Find out just how horrible we think click-baiting articles are—the results will surprise you, or warm your heart, or blow your mind or any other sort of sensationalist affective response. We hate click-baiting; frankly, we would rather go back to the days of liking every semi-relatable page than see a News Feed littered with BuzzFeed, Thought Catalog and Upworthy posts. It hurts the public, it encourages groupthink and it hurts us—those who want to go into journalism.
For one thing, click-bait is obnoxious. “Watch a homophobic dude hug a gay person, the results will warm your heart.” Seriously? Aside from being annoying, it is almost guaranteed that any issue they are attempting to bring attention to is horribly reductionist. Two-minute videos or 10-point listicles are not going to explore the nuance of an important social issue, which many of these profess to do—especially those like Upworthy. By comparison, BuzzFeed quizzes are relatively harmless.
That these lists are so reductionist means that its readers are hurt in two ways. Readers think they are being informed, but in all likelihood they are not. How much nuance and debate is really permitted in a video of a rich white man smiling at a homeless guy, or putting disabled people on display as inspiration porn?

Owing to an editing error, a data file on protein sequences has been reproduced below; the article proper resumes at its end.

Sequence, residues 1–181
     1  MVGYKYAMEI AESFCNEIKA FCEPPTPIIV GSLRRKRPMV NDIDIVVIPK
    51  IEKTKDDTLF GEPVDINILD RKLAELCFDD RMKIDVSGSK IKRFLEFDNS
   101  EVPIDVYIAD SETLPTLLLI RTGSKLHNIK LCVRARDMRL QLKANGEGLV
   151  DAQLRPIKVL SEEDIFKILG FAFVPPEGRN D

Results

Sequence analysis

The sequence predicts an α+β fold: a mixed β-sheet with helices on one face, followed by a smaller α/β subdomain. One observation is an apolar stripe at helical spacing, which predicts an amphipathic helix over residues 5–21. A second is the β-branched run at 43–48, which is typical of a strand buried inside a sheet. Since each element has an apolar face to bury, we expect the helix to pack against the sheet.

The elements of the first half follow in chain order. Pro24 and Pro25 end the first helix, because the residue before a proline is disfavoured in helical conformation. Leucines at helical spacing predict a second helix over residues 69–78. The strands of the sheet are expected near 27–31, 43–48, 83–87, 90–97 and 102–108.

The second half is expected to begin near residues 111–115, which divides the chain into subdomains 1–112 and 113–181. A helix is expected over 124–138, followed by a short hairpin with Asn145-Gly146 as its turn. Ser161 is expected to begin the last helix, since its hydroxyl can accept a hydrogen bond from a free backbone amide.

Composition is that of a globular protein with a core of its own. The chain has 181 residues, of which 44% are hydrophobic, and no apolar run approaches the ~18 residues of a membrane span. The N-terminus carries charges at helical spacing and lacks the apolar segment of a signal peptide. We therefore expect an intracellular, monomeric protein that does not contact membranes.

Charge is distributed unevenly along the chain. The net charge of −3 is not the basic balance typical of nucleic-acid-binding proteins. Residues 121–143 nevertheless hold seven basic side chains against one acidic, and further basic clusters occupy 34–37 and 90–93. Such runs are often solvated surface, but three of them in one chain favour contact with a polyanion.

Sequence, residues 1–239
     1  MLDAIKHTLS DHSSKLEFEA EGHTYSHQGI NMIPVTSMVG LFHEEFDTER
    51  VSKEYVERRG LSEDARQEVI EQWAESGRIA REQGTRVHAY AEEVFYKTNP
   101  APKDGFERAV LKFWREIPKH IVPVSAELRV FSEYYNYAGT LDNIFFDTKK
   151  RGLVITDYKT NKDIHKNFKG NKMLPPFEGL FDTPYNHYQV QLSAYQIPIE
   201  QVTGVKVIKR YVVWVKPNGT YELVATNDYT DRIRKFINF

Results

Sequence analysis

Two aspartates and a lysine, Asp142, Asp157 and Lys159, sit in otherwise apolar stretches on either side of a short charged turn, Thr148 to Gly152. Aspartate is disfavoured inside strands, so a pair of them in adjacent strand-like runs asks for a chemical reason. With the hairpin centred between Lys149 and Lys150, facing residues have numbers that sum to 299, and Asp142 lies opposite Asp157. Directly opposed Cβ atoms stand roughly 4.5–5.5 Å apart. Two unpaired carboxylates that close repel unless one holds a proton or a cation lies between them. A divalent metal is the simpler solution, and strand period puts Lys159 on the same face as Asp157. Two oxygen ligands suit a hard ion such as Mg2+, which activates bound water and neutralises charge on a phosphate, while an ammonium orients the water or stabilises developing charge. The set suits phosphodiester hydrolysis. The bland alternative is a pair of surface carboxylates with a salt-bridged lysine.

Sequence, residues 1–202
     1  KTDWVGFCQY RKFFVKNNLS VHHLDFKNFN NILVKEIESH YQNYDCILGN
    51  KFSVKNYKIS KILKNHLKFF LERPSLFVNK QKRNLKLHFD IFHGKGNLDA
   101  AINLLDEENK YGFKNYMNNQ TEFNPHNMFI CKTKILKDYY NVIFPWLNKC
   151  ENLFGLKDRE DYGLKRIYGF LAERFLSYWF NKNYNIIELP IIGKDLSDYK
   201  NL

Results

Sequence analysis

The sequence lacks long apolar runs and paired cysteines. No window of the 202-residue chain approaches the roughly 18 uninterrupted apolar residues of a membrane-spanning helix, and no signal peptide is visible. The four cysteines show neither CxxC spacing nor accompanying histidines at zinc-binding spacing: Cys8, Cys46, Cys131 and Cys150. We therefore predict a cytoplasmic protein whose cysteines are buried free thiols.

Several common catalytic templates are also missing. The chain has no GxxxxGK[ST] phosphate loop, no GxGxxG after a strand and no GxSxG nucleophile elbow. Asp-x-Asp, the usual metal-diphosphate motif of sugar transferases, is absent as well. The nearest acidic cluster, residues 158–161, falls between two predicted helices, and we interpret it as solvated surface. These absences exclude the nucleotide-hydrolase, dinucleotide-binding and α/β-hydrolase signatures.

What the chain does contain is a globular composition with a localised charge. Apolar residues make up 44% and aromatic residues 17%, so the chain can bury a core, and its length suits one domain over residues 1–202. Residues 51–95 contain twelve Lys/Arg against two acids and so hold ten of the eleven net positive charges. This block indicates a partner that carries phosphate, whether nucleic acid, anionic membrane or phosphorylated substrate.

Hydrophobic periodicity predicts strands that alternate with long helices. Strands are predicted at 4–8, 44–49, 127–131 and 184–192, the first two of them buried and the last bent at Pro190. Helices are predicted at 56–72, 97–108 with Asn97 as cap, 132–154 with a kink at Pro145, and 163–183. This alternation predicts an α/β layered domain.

It might introduce someone to an issue, especially if it goes viral, but some people are led to believe that enough viewings of the cat-calling video make them an up-and-coming feminist theorist. This obviously isn’t the case.
Second, this false sense of knowledge might make us less inclined to want to pay for a New York Times subscription, or even less likely to look at news outlets that do go into more detail than BuzzFeed ever could. In addition to creating a largely under-informed population, these companies profit off work that is often done for free—and exploit their labor—while hurting journalists who do this for a living. And this is all because people cannot be bothered to look further than Upworthy.
Journalism is already in decline with newsstand sales dropping 10 percent in 2013, and the easy accessibility of these websites might prove even more damaging. What does this mean for us journalists and for readers of click-baity sites? Should they change or should we? We are inclined to believe the latter—the devaluing of journalists’ hard work is hurting you and us.
We and other media writers work hard and we deserve recognition and pay for our work, and the same is true for the unpaid contributors to click-bait sites. They are being exploited, and your short attention-span is also being exploited as you spend your precious time reading listicles instead of learning about what is actually going on.
Hide some of these websites from your News Feed, spend some more time learning about the world. The results may surprise you.